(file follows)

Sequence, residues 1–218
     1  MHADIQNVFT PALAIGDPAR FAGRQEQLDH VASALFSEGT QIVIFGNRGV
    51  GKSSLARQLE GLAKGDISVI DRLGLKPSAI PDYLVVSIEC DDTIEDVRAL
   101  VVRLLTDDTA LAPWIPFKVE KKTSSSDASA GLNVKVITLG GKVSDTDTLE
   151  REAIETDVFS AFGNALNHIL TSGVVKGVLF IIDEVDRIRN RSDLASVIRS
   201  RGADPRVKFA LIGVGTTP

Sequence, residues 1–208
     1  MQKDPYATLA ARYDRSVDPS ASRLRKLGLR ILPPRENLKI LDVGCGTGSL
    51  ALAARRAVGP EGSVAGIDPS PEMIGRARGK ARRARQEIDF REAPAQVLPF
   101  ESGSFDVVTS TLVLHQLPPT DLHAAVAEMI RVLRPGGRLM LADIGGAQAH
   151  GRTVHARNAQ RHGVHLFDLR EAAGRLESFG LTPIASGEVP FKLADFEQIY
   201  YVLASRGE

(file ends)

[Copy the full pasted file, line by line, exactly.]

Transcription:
Sequence, residues 1–218
     1  MHADIQNVFT PALAIGDPAR FAGRQEQLDH VASALFSEGT QIVIFGNRGV
    51  GKSSLARQLE GLAKGDISVI DRLGLKPSAI PDYLVVSIEC DDTIEDVRAL
   101  VVRLLTDDTA LAPWIPFKVE KKTSSSDASA GLNVKVITLG GKVSDTDTLE
   151  REAIETDVFS AFGNALNHIL TSGVVKGVLF IIDEVDRIRN RSDLASVIRS
   201  RGADPRVKFA LIGVGTTP

Sequence, residues 1–208
     1  MQKDPYATLA ARYDRSVDPS ASRLRKLGLR ILPPRENLKI LDVGCGTGSL
    51  ALAARRAVGP EGSVAGIDPS PEMIGRARGK ARRARQEIDF REAPAQVLPF
   101  ESGSFDVVTS TLVLHQLPPT DLHAAVAEMI RVLRPGGRLM LADIGGAQAH
   151  GRTVHARNAQ RHGVHLFDLR EAAGRLESFG LTPIASGEVP FKLADFEQIY
   201  YVLASRGE